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Evidence-Based Complementary and Alternative Medicine
Volume 2017 (2017), Article ID 2038095, 31 pages
https://doi.org/10.1155/2017/2038095
Research Article

Use of Western Medicine and Traditional Korean Medicine for Joint Disorders: A Retrospective Comparative Analysis Based on Korean Nationwide Insurance Data

1Department of Public Health, Graduate School, Yonsei University, 50 Yonsei-ro, Seodaemun-gu, Seoul 03722, Republic of Korea
2Research Department, Research Institute of Korean Medicine Policy, 91 Heojun-ro, Gangseo-gu, Seoul 07525, Republic of Korea
3Asian Institute for Bioethics and Health Law (WHO Collaborating Centre for Health Law and Bioethics), Yonsei University, 50 Yonsei-ro, Seodaemun-gu, Seoul 03722, Republic of Korea
4Department of International Health, Graduate School of Public Health, Yonsei University, 50 Yonsei-ro, Seodaemun-gu, Seoul 03722, Republic of Korea

Correspondence should be addressed to Boyoung Jung and Soyoon Kim

Received 14 August 2017; Accepted 24 October 2017; Published 6 December 2017

Academic Editor: Gihyun Lee

Copyright © 2017 Boyoung Jung et al. This is an open access article distributed under the Creative Commons Attribution License, which permits unrestricted use, distribution, and reproduction in any medium, provided the original work is properly cited.

Abstract

This study aimed to compare the usage of Western medicine and traditional Korean medicine for treating joint disorders in Korea. Data of claims from all medical institutions with billing statements filed to HIRA from 2011 to 2014 for the four most frequent joint disorders were used for the analysis. Data from a total of 1,100,018 patients who received medical services from 2011 to 2014 were analyzed. Descriptive statistics are presented as type of care and hospital type. All statistical analyses were performed using IBM SPSS for Windows version 21. Of the 1,100,018 patients with joint disorders, 456,642 (41.5%) were males and 643,376 (58.5%) were females. Per diem costs of hospitalization in Western medicine clinics and traditional Korean medicine clinics were approximately 160,000 KRW and 50,000 KRW, respectively. Among costs associated with Western medicine, physiotherapy cost had the largest proportion (28.78%). Among costs associated with traditional Korean medicine, procedural costs and treatment accounted for more than 70%, followed by doctors’ fees (21.54%). There were distinct differences in patterns of medical care use and cost of joint disorders at the national level in Korea. This study is expected to contribute to management decisions for musculoskeletal disease involving joint disorders.

1. Introduction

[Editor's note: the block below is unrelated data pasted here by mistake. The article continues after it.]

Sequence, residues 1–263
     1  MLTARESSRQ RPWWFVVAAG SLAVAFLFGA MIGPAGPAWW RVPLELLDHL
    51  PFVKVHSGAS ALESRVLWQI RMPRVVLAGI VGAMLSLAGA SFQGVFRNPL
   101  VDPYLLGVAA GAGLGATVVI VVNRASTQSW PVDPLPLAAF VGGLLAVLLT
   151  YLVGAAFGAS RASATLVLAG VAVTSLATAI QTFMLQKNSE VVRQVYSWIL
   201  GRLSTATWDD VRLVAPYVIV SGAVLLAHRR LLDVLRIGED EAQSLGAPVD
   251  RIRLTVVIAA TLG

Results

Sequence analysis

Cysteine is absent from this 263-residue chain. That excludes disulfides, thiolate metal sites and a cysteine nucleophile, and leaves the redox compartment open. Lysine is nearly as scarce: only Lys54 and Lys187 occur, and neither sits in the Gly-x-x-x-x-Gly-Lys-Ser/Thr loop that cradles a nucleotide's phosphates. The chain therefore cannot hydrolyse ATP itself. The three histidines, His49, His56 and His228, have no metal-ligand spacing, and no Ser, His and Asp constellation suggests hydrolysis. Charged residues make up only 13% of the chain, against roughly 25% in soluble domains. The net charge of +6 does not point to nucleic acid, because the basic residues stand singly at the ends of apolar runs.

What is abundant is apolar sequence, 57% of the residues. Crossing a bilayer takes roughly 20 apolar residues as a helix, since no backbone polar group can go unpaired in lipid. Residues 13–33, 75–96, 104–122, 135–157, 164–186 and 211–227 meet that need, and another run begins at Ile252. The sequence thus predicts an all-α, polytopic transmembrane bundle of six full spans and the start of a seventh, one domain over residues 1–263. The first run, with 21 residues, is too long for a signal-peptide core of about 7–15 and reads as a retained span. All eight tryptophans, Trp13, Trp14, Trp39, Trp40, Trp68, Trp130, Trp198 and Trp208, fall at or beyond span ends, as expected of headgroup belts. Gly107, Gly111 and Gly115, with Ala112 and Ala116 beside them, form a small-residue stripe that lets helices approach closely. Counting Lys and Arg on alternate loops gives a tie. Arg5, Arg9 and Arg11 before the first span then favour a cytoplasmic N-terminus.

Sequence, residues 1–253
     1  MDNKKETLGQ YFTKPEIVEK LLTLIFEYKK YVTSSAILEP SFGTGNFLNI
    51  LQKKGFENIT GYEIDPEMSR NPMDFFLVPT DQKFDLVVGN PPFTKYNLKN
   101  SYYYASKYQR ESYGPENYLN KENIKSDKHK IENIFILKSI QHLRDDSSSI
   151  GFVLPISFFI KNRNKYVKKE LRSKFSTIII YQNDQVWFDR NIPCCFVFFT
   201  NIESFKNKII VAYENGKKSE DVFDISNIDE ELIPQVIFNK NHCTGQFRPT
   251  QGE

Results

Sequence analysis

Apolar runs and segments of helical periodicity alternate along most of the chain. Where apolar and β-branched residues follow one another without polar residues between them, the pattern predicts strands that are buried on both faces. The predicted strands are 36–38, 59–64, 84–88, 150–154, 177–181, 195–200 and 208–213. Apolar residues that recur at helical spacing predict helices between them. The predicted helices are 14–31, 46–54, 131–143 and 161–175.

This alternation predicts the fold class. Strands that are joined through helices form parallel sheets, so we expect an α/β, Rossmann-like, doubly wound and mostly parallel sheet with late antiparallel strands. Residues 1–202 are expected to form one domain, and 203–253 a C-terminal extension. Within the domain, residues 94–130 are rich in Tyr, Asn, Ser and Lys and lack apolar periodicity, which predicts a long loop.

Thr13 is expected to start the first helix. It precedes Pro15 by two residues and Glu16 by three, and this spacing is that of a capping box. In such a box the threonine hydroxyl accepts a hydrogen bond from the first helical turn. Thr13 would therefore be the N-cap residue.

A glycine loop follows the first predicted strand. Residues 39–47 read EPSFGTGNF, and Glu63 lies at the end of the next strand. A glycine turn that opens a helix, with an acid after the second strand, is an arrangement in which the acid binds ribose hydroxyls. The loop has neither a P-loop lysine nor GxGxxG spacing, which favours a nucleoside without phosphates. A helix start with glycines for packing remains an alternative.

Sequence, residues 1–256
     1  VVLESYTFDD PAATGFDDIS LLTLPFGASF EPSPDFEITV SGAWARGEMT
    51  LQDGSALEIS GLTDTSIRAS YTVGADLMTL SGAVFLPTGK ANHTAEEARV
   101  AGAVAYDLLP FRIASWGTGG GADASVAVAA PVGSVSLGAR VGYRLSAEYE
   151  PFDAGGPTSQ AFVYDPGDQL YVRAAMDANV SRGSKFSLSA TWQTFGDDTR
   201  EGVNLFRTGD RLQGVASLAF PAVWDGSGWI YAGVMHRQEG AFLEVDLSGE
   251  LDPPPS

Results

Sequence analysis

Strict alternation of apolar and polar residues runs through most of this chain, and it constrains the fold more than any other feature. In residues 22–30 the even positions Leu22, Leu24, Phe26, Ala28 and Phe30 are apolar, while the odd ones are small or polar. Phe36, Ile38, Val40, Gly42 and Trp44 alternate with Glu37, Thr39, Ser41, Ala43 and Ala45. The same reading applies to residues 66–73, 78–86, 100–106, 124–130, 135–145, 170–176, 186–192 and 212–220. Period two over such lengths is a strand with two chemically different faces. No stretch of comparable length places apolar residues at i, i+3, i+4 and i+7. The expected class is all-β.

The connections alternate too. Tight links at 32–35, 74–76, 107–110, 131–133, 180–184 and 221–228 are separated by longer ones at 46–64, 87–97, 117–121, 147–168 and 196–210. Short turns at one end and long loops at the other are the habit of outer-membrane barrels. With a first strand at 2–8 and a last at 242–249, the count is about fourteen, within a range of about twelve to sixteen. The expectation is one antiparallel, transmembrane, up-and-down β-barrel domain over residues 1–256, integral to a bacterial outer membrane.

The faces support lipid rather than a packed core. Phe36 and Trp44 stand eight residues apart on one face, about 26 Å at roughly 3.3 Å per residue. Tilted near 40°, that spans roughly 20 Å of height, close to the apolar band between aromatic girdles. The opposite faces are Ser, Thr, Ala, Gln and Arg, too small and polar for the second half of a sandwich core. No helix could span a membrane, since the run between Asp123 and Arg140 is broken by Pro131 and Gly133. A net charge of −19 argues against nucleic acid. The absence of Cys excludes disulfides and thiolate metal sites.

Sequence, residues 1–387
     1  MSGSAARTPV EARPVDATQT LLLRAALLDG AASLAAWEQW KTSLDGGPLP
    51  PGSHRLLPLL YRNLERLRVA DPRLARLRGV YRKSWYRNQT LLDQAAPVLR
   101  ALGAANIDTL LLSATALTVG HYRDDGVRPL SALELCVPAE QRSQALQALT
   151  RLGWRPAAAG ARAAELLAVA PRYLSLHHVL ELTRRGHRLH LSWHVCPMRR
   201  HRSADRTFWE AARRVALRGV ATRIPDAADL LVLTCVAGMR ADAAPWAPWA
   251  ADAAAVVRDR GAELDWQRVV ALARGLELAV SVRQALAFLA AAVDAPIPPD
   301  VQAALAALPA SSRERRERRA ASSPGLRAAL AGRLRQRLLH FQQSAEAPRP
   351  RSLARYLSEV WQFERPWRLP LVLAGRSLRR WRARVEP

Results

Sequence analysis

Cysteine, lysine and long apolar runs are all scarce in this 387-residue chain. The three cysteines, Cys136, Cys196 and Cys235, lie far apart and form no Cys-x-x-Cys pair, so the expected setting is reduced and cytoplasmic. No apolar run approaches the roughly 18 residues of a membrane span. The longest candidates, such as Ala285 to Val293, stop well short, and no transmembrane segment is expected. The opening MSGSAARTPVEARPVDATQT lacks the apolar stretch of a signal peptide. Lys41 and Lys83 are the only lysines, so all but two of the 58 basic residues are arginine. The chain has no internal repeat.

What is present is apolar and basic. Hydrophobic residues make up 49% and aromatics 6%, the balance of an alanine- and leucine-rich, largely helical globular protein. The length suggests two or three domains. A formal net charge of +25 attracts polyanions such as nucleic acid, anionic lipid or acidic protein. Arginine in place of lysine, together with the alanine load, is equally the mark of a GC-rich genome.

Musculoskeletal diseases are one of the leading causes of disability worldwide. It is a major contributor to health burden and health care costs [1]. Korea has a rapidly aging population due to the decrease in birth rate and increase in life expectancy. The percentage of the population aged 65 years or older will increase from 10.3% in 2008 to 15.6% in 2020 and 38.2% in 2050 [2]. Previous studies have reported findings on the prevalence of musculoskeletal disease [3, 4]. As the Korean population continues to age, the economic burden of musculoskeletal disease will continue to increase. The total economic burden of treating musculoskeletal is about 8.1 billion dollars [2]. Musculoskeletal diseases are the most common health problems that require the use of traditional Korean medicine [5], an integral part of prevailing practice and belief systems throughout Korea’s history. Starting from the late 19th century, Western medical practices were introduced by Christian missionaries to Korea. These practices quickly supplanted traditional Korean medicine in institutional health care. After the Korean War, the government revived interest in traditional Korean medicine and established colleges that specialize in that field, in addition to colleges of Western medicine [6]. With this historical background, the Korean medical system is characterized by a dual [7, 8], mutually exclusive medical system consisting of Western medicine and traditional Korean medicine practices [9]. In Korea, primary care physicians work mostly in solo private practices and are reimbursed on a fee-for-service basis. This system enables patients to choose and retain individual physicians regardless of changes in employment status. Therefore, Koreans can use both Western and traditional Korean medicine to treat musculoskeletal disorders. Previous studies have assessed the prevalence and cost of Korean medicine [5, 6, 1013]. However, most of these studies did not focus on joint disorders [11, 1416]. Particularly, the statuses of health care utilization associated with joint disorders including the scale of the whole population and health care costs of patients receiving treatment for joint disorders are currently unknown. Therefore, the objective of this study was to analyze claim data submitted to the Korean National Health Insurance (NHI) and assessed by the Health Insurance Review and Assessment Service (HIRA) to compare medical care use between Western medicine and traditional Korean medicine. The results of this study will provide basic information for future management decisions for musculoskeletal diseases especially joint disorders in Korea.